Fan zones frozen out as African teams disappoint
Freezing weather and disappointing results for South Africa have left fan zones deserted across Johannesburg this week in stark contrast to the last World Cup in Germany four years ago.
Johannesburg: Freezing weather and disappointing results for South Africa have left fan zones deserted across Johannesburg this week in stark contrast to the last World Cup in Germany four years ago.
Last week, the parks boasting massive screens showing matches across South Africa`s largest city were heaving with fans some of whom had travelled up to eight hours to "feel it", partying all night with vuvuzela horns blasting and testing the nerves of nearby residents.
But one week into the tournament, a cold spell of weather added to a disappointing defeat by South Africa to Uruguay on Wednesday have left only a few dozen die-hard believers, wrapped up warm and huddled together braving the outdoor parks where temperatures have hovered around zero degrees.
"South Africa is not doing so well, nor are the other African teams," said Ndumiso Mdlongwa, a 28-year-old waiter.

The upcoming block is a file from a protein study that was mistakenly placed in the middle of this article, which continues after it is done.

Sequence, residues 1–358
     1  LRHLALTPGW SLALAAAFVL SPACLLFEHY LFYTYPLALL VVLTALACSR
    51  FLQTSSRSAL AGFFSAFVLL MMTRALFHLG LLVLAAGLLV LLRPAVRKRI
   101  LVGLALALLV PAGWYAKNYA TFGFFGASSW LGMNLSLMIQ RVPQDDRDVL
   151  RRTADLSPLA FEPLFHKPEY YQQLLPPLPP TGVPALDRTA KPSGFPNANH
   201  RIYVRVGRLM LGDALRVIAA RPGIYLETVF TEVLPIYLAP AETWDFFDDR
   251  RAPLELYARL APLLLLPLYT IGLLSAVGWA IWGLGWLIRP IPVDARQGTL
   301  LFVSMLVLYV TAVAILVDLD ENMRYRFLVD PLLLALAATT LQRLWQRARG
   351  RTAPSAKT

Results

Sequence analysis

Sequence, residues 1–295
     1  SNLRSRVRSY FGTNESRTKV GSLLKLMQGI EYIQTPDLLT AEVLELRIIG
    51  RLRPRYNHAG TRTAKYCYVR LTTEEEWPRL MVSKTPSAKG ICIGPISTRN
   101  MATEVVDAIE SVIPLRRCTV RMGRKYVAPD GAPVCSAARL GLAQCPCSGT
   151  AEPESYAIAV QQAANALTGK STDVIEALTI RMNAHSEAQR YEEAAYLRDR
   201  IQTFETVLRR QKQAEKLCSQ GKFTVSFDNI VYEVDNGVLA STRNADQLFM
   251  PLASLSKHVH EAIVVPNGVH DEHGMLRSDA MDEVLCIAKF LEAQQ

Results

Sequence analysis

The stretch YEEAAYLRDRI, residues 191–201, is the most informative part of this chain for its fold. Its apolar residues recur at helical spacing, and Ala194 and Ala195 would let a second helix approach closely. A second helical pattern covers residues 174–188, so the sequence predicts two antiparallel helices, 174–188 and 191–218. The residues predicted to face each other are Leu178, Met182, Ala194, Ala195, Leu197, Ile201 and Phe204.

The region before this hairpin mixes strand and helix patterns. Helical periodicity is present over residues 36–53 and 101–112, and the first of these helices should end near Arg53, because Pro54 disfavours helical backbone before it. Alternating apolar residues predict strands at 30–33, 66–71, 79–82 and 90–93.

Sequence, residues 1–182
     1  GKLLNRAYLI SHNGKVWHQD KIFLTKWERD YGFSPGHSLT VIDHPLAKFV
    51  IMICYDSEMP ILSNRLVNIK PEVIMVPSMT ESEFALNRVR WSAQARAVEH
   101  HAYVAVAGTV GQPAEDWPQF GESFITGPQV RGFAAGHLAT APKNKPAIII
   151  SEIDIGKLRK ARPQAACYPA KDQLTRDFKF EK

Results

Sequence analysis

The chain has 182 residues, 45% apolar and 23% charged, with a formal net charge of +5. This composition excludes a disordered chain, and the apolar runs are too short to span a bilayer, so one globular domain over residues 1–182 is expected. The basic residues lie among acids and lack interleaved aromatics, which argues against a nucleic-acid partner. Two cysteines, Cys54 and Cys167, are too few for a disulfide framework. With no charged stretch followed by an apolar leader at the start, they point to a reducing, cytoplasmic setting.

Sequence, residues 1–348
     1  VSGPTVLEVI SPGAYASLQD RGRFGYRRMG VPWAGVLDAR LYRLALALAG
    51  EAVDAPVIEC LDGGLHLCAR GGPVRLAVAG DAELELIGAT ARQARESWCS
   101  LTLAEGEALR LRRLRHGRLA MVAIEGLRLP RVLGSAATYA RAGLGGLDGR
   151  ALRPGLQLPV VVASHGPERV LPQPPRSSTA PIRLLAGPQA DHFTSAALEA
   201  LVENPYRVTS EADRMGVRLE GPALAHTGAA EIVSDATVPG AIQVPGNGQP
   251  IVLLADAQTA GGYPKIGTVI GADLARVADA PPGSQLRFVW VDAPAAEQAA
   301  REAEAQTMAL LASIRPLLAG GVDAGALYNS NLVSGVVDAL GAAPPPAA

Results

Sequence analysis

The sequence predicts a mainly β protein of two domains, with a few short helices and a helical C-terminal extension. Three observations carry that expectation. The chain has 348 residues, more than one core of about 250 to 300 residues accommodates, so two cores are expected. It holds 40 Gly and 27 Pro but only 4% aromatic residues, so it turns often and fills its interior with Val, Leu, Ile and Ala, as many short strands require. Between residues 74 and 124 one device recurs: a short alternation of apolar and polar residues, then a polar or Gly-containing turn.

"This is why there`s less people."
In 2006 when the finals were held in Germany, tens of thousands of fans partied deep into the night throughout the country in the fanzones which proved massively popular and an enduring memory from the tournament.
Livingstone Galeta came from Malawi to the World Cup and said his favourites South Africa did not just lose to Uruguay, they were thrashed 3-0, which left a bitter taste.
"There was not even a consolation goal from Bafana Bafana that would have offered us some hope," he said.
South Africa`s World Cup organising committee spokesman Rich Mkhondo said he was sure fans would continue to support the competition.
"South Africans will remain good hosts and we urge them to do so until the end of the tournament," he said.
The six African teams in the competition have failed to capitalise on huge support from the host fans and many fear a country from the continent may not make it into the last 16, which would devastate fans.
Algeria lost apparently their easiest group match against Slovenia, Cameroon were defeated by Japan and Nigeria gave Greece the gift of their first World Cup goal and win.
"We just need one big African win to get the party going again," said Jon Lebro, 24, adding he had high hopes for Ghana`s Saturday match against Australia in Rustenburg.
In some fan zones, volunteers and staff outnumbered those enjoying the soccer and half-time music. Even for Nigeria`s match a day earlier, few made it out to support their African brothers.
"If an African team got to the final, this place would be unrecognisable -- completely full," said translator Kelvin Aku.
But some are still optimistic Africa`s luck could turn. "The ball is round and it can roll anywhere," soccer fan William Radebe said with a wink.